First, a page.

Wednesday, Jul 24, 2024

Battle Over “Ten Commandments” Law Heats Up in Bible Belt


A new Louisiana law requiring the display of the Ten Commandments in public schools has sparked fierce controversy in many “Bible Belt” states, with liberal groups taking to the courts to challenge what they see as a violation of the First Amendment requiring the separation of church and state.

The legislation that Louisiana Gov. Jeff Landry (R) signed into law last week requires a poster-sized display of the Ten Commandments in “large, easily readable font” in all public classrooms, from kindergarten through (state-funded) universities.

Proponents of the law hailed it as a vehicle to restore the moral foundation that centuries ago helped create the legal framework of the United States, but which has been under steady assault in recent times.

“The state of Louisiana took a giant step forward recently towards decency, honor, and the virtuous republic our Founding Fathers established, and which is so needed if America is going to survive,” declared a TownHall op-ed.

The posters will be accompanied by a “context statement” describing how the Ten Commandments “were a prominent part of American public education for almost three centuries,” and must be in place in classrooms by the start of 2025.

Liberal Groups Protest

Liberal groups were quick to denounce the legislation. “The law violates the separation of church and state,” the ACLU, Americans United for Separation of Church and State, and the Freedom from Religion Foundation said in a joint statement. “The First Amendment promises that we all get to decide for ourselves what religious beliefs, if any, to hold and practice, without pressure from the government.”

The Center for Inquiry accused the law’s proponents of seeking “to impose Christianity on all students in Louisiana’s public schools.”

Gov. Landry, who previously served as the state’s attorney general, wondered during a Fox News appearance why opposition to the law is so heated. “This country was founded on Judeo-Christian principles and every time we steer away from that, we have problems in our nation. “I think [the opposition] speaks volumes about how eroded this country has become.”

[As a peripheral note, invoking “Judeo-Christian” principles implies an equivalence between the two belief systems which is historically and theologically incorrect. Christianity came on the scene more than 15 centuries after the Torah was given to the Jewish people, redefining itself as the “new chosen people” with a “new testament” that borrowed some core principles of Judaism while discarding the rest.]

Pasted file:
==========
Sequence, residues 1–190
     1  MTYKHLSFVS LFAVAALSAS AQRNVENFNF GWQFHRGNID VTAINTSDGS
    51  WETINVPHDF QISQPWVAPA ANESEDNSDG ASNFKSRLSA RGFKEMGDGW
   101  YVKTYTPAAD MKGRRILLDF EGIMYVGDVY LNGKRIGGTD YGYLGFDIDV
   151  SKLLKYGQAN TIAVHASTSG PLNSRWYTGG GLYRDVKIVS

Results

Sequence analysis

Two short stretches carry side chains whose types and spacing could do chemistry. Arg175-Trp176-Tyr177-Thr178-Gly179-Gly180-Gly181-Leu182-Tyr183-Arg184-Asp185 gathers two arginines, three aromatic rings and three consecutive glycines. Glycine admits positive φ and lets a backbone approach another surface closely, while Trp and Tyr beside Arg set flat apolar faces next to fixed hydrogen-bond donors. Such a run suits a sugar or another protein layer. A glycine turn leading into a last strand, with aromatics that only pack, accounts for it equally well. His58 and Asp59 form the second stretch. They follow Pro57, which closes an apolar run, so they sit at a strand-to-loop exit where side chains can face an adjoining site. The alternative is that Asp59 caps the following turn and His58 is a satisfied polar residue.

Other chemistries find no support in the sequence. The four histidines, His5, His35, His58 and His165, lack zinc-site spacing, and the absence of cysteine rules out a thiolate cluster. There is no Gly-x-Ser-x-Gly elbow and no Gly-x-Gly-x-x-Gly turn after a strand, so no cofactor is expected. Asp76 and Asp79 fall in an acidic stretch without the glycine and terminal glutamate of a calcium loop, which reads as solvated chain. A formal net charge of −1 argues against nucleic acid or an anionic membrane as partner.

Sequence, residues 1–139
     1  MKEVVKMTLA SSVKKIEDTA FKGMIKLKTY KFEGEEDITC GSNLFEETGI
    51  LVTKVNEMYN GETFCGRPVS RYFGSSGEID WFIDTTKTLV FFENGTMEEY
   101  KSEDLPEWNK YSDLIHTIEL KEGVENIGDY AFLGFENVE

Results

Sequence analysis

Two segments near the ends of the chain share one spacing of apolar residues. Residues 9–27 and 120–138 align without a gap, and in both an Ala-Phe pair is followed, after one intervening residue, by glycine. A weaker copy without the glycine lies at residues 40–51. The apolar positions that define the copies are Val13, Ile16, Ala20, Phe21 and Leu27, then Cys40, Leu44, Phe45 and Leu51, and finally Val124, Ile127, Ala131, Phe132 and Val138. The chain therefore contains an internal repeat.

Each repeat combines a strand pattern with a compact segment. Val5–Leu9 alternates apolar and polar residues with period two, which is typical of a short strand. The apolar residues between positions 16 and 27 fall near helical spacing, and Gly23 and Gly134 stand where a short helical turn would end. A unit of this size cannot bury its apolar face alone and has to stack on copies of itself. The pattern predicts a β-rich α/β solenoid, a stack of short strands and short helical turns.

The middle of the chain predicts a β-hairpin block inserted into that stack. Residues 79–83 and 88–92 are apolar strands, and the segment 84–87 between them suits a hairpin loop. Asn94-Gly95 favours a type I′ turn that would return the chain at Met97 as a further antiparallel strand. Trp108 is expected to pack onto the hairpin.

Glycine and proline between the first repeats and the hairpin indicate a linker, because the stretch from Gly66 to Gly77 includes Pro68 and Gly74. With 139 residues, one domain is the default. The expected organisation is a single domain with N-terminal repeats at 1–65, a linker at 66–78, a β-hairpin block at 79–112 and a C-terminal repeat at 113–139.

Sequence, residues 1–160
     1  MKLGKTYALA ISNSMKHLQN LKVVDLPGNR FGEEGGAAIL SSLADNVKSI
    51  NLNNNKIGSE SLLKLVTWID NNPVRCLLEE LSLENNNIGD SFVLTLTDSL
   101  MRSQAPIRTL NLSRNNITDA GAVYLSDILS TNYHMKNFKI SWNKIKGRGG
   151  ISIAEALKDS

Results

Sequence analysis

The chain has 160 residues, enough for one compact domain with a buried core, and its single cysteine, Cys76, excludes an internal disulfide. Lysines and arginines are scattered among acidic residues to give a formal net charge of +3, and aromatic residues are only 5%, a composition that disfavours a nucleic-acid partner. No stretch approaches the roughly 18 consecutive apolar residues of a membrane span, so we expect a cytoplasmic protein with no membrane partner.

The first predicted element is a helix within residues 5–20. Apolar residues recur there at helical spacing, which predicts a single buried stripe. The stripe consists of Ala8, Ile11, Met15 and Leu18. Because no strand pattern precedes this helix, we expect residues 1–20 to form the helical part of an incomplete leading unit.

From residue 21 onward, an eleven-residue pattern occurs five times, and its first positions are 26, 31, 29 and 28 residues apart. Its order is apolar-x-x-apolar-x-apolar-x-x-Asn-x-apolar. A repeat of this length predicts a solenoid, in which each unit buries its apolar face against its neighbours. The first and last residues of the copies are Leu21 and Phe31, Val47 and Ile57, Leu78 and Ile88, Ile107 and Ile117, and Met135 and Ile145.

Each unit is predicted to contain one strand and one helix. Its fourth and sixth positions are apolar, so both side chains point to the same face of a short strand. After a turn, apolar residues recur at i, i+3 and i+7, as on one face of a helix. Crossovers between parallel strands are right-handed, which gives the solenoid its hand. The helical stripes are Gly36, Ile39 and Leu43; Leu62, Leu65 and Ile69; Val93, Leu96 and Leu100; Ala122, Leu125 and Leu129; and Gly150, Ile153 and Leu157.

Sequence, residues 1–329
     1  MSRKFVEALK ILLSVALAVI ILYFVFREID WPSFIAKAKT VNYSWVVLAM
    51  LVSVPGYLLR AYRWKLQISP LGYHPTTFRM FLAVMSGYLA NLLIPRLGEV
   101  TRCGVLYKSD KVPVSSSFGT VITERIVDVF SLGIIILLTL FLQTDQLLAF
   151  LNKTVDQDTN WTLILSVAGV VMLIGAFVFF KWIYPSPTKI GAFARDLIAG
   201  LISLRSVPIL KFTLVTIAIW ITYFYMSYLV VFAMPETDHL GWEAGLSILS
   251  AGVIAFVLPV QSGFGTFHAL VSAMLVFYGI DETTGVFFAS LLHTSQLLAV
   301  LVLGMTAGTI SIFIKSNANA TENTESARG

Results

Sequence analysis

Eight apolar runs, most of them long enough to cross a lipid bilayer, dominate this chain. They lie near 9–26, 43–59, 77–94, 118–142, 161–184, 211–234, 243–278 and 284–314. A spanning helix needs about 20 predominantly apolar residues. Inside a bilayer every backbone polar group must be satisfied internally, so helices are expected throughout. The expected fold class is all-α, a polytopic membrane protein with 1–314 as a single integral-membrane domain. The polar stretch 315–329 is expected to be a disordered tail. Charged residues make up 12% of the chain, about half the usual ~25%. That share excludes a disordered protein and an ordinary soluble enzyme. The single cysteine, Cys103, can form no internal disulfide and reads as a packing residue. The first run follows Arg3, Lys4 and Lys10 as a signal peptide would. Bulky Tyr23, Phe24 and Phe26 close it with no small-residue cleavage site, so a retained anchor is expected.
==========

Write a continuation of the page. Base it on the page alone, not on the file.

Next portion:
Louisiana State Rep. Mike Bayham, a Catholic, set the record straight in an online interview: “Let’s be clear,” he said. “The Ten Commandments are not a Christian doctrine. They’re Jewish. I mean, this comes from the Torah. And as Christianity is technically an offshoot of Judaism, this is something that Christians adhere to as well. The Ten Commandments are the foundation of Western civilization, it’s where we derive our understanding of right and wrong.”]

Given Christianity’s centuries-long history of trying to convert Jews, the Jewish community has traditionally thrown its support behind strong church-state separation, and has been reluctant to approve of religious symbols and practices in public spaces.

A Moral Bulwark

The non-Jewish world’s version of the Ten Commandments has long served as the moral framework for monotheism and civilized society. It has influenced modern-day legal and political systems the world over by shaping the fundamental principles of justice, liberty, and individual rights that underlie these systems.

District Judge Darrell White of Louisiana posted his belief that the new law definitely passes constitutional muster. “Louisiana’s new Ten Commandments Law follows in the fine tradition of the majestic ‘Judicial Oath’ (28 USC 453) that dates back to 1789 and concludes ‘so help me, G-d,’” Judge White affirmed. “Every justice of the United States Supreme Court has taken that Oath before G-d.”

Gov. Landry has said that the prospect of a lawsuit over the Ten Commandments law is one he welcomes, as he looks forward to making his case in a court of law and believes he will be vindicated.

Legal experts say the outcome of the “Ten Commandments” lawsuits brought by ACLU and other liberal groups is difficult to predict. What is certain, they say, is that one or more of these cases will ultimately make their way to the United States Supreme Court.